It’s draft season. That means it’s mock draft season. And big board season. The thing is, if you follow your favorite team (and if you’re reading this you probably are), do you want full analysis of every team’s draft prospects? Maybe, but surely you’re sick of wacky mock drafts by now, no?
Here at Bucs District we’re going to try something a little different. Instead of a big board or mock draft, we’re going to break down the conditions and scenarios that might play out on April 27.
Before predicting what players might fall to the Bucs either with the 19th pick or in a trade situation, we need to identify the players they won’t draft. These prospects fall in two categories: redundant players and the too-rich-for-my-blood guys.
Cataloguing the redundant players is easy. What positions would be a first-round pick be wasted? The list is short, including quarterback and middle linebacker. Jameis Winston and Kwon Alexander have their respective positions locked down, positions where depth isn’t a great premium.
The only other position group to possibly include is offensive line. While the need for more line talent is debatable, it seems clear the Bucs front office is fine standing pat with their starting line. The lack of offensive line talent this year makes an offensive line pick that much less likely.
The first-round prospects in the redundant column include:
Quarterback: Mitchell Trubisky, Deshaun Watson
This should be obvious. Jameis is the franchise. He’s easily better than Trubisky and Watson. The Bucs might draft a backup QB on Day 3 – they’re definitely not in the market for anything more.
Inside Linebacker: Reuben Foster
Another no-brainer. Kwon Alexander will be counted among the best middle linebackers in the NFL next season. Foster could be too one day. Tampa Bay simply isn’t big enough for the both of them.
Offensive Line: Cam Robinson, Forrest Lamp, Ryan Ramczyk, Garrett Bolles
Are the Bucs set at offensive line? Jason Licht and Dirk Koetter seem to think so. The line’s play last year indicates otherwise, but apparently J.R. Sweezy is next big thing, even if he is returning from a season-long back injury (which is really not a good sign). A guy like Lamp would be a good addition to the Bucs offensive line. The Bucs just won’t add one this early.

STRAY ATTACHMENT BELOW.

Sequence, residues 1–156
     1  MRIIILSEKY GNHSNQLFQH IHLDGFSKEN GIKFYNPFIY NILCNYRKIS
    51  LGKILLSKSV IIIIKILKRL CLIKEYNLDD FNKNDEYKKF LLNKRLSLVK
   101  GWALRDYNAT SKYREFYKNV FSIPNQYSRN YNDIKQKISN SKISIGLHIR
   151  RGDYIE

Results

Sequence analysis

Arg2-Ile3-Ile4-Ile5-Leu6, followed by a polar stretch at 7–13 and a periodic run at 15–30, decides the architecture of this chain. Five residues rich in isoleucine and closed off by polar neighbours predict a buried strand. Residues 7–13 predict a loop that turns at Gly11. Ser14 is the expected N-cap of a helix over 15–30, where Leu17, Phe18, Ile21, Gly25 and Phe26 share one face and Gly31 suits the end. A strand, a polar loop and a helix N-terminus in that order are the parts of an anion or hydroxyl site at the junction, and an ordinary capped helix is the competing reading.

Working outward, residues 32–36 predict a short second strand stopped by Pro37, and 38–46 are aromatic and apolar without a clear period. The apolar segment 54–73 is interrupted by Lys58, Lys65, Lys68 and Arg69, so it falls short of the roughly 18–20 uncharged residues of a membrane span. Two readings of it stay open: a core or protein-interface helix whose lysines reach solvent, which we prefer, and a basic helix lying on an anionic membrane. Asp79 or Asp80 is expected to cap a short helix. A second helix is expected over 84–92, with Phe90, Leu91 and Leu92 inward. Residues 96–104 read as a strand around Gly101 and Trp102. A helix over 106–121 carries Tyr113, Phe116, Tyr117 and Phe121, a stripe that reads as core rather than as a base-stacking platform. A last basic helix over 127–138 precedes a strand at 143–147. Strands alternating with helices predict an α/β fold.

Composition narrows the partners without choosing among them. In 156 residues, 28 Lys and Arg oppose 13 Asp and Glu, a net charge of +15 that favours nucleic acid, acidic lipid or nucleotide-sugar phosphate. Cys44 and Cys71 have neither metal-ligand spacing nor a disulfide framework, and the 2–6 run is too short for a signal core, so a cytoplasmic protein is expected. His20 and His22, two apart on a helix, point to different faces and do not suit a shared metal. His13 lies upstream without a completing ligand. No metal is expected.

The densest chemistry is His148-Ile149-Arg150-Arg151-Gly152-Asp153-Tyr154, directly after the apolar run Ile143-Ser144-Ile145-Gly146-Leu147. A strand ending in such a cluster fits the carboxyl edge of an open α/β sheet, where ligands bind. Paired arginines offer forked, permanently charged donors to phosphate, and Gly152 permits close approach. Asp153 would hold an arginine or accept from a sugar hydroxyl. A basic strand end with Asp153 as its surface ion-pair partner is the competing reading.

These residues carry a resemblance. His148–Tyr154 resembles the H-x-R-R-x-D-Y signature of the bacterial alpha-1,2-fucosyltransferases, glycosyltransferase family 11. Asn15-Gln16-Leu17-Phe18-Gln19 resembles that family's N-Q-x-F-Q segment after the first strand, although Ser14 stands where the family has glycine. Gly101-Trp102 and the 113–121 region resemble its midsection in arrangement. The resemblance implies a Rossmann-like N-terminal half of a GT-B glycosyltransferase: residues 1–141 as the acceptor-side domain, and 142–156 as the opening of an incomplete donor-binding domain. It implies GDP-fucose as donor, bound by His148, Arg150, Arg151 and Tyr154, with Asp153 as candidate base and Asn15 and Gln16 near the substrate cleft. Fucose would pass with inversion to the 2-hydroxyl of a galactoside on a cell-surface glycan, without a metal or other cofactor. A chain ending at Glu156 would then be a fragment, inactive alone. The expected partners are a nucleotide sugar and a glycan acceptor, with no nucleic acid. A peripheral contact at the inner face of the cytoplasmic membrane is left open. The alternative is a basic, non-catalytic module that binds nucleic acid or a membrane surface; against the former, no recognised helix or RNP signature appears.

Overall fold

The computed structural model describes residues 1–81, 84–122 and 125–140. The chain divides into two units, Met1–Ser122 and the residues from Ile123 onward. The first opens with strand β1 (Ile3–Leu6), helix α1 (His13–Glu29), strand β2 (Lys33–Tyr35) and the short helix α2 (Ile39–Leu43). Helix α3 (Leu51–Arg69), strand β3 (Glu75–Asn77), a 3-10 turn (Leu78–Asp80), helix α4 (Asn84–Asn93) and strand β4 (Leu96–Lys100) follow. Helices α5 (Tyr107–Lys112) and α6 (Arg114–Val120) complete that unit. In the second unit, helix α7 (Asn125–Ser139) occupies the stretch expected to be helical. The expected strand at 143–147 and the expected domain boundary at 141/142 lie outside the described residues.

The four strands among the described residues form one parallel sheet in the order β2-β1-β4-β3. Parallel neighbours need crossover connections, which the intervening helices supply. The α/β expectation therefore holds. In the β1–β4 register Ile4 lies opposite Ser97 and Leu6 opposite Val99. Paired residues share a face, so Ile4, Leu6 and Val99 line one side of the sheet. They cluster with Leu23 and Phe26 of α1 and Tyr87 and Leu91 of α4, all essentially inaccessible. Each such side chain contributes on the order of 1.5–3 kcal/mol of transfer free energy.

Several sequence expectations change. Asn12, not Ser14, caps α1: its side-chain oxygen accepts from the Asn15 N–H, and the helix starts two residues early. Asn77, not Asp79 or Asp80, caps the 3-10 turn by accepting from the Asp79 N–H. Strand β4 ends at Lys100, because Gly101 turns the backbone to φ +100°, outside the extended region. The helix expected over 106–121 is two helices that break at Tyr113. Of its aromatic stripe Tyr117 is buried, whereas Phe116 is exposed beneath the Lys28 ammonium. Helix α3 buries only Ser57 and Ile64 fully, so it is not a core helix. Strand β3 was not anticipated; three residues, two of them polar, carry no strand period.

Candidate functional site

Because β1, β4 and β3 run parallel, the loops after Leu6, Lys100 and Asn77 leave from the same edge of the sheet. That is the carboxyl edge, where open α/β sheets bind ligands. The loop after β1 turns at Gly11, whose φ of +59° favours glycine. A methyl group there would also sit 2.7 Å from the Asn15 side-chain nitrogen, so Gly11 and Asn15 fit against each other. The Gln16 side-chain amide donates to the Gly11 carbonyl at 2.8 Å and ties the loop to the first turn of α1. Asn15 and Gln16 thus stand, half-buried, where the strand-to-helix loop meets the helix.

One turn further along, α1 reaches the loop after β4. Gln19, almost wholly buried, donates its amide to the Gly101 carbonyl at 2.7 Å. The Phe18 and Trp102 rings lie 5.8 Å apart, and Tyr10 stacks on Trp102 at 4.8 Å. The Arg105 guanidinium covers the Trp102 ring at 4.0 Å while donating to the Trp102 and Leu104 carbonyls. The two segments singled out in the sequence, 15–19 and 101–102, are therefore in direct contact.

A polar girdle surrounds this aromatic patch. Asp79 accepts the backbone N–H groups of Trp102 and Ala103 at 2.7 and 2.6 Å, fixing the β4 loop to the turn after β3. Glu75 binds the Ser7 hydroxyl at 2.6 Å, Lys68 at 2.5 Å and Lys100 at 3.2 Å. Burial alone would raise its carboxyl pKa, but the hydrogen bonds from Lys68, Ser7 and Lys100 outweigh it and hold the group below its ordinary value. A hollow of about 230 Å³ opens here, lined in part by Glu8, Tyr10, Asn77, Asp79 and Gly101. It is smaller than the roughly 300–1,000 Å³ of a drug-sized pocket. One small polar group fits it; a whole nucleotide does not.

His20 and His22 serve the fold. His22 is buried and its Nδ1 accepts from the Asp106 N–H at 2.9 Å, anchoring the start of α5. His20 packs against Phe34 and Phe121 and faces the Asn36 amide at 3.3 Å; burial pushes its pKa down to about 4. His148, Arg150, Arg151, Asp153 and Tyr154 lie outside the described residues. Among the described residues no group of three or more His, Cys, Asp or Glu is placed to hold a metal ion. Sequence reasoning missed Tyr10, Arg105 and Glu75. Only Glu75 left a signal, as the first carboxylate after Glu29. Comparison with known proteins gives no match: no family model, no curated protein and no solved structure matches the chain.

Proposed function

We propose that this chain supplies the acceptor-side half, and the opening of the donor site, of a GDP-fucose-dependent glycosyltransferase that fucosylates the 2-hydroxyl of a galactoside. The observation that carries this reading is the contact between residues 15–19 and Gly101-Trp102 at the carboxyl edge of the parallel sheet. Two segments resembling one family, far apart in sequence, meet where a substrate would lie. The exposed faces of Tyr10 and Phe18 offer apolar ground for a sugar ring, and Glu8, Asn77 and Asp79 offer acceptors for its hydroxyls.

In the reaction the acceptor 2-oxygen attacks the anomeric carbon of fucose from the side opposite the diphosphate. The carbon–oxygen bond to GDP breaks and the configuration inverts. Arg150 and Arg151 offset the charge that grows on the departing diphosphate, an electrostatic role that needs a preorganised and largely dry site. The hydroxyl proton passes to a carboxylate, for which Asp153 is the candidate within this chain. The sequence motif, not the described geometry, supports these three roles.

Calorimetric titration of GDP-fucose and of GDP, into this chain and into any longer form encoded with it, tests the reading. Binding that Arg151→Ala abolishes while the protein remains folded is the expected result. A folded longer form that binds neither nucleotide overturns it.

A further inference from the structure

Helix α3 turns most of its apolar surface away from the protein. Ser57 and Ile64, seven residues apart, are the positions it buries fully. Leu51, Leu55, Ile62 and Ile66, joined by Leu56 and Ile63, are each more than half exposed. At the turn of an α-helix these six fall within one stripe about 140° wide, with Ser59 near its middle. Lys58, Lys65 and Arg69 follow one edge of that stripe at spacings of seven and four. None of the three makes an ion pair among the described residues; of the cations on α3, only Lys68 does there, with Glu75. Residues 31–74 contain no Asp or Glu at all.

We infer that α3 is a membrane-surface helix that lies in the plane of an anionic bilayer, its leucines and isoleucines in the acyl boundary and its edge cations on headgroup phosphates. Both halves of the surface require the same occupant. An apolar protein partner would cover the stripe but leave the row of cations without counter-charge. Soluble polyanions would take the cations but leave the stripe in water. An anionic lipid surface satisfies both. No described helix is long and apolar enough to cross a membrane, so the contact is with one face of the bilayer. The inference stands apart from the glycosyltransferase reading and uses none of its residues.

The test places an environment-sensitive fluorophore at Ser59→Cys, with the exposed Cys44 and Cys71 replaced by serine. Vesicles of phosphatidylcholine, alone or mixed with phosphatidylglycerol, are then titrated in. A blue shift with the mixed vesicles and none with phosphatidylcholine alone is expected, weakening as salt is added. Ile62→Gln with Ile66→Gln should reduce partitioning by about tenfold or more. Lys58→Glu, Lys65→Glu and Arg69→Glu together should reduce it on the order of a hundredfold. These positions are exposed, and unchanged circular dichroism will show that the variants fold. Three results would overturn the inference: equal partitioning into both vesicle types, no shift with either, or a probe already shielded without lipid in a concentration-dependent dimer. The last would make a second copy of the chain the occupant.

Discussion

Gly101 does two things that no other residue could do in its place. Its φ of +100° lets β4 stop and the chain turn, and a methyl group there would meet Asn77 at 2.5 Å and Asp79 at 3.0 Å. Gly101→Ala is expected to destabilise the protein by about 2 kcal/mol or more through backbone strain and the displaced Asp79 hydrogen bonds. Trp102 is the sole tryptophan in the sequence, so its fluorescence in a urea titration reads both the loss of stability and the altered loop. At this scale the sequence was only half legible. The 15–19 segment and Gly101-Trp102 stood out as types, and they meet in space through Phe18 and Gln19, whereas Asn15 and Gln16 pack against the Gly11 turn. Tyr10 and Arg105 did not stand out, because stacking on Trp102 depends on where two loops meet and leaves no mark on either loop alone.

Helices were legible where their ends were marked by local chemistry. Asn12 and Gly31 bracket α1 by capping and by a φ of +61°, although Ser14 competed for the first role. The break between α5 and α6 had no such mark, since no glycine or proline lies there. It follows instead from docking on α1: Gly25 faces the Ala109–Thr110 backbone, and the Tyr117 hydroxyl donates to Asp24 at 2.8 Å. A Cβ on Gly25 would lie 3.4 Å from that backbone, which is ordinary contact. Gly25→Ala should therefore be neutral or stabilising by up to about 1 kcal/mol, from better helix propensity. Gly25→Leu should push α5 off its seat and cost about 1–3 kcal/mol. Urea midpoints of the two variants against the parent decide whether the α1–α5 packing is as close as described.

The too-rich-for-my-blood column is comprised of players likely to go in the top five or ten selections. While trades are not impossible, the draft capital needed for the Bucs to move up to this level makes such a move prohibitively expensive, especially considering the depth of this year’s draft.
The players in this column include:
Safety: Jamal Adams, Malik Hooker
The Bucs would take either of these guys in a heartbeat. The secondary remains a position of weakness and lacks big playmakers. Somehow the top of the draft features two at safety. Don’t be surprised to see Adams and Hooker go in the first ten picks to Chicago, Cincinnati or Buffalo.
Defensive End: Myles Garrett, Solomon Thomas
Garrett and Thomas are both likely top-five picks. The Bucs have a decent rotation at defensive end, but there’s no such thing as too many pass-rushers. Garrett is projected to go first overall to Cleveland. Thomas would fit on pretty much any of the first five teams.
Defensive Tackle: Jonathan Allen
This draft isn’t especially deep at defensive tackle so Allen will garner a lot of attention from the first ten teams. His athleticism and versatility won’t keep in on the market for long. He won’t get past Arizona, but he should be a trade-up target.
Wide Receiver: Mike Williams, Corey Davis
Williams is another possible top-five pick, though Davis may be the better prospect. Don’t let Davis’ ankle injury and lack of test scores fool you into thinking he’ll slip very far. His tape doesn’t lie. He’s big, fast and can catch pretty much everything thrown at him. The Titans, Panthers and Niners could all vie for their services.
Cornerback: Marshon Lattimore
As I said in the Primer, this draft is loaded with defensive back talent top to bottom. Lattimore reigns at the top of the heap and shouldn’t make it past the first ten picks. Tennessee should be interested in him, but he’ll be gone if he reaches the tenth pick with Buffalo.
Tight End: OJ Howard
Okay, when I did the review of the Bucs’ tight end situation I said the Bucs shouldn’t be interested in OJ Howard. I was wrong. Wrong wrong wrong. The Alabama TE may be the most complete tight ends to come out since Gronk. He is a walking, talking mismatch with legitimate blocking ability. I’m predicting he ends up in Jacksonville.
Sixteen prospects off the board. There is still plenty of talent to consider for the Bucs’ first round pick. Stay tuned for Part 2!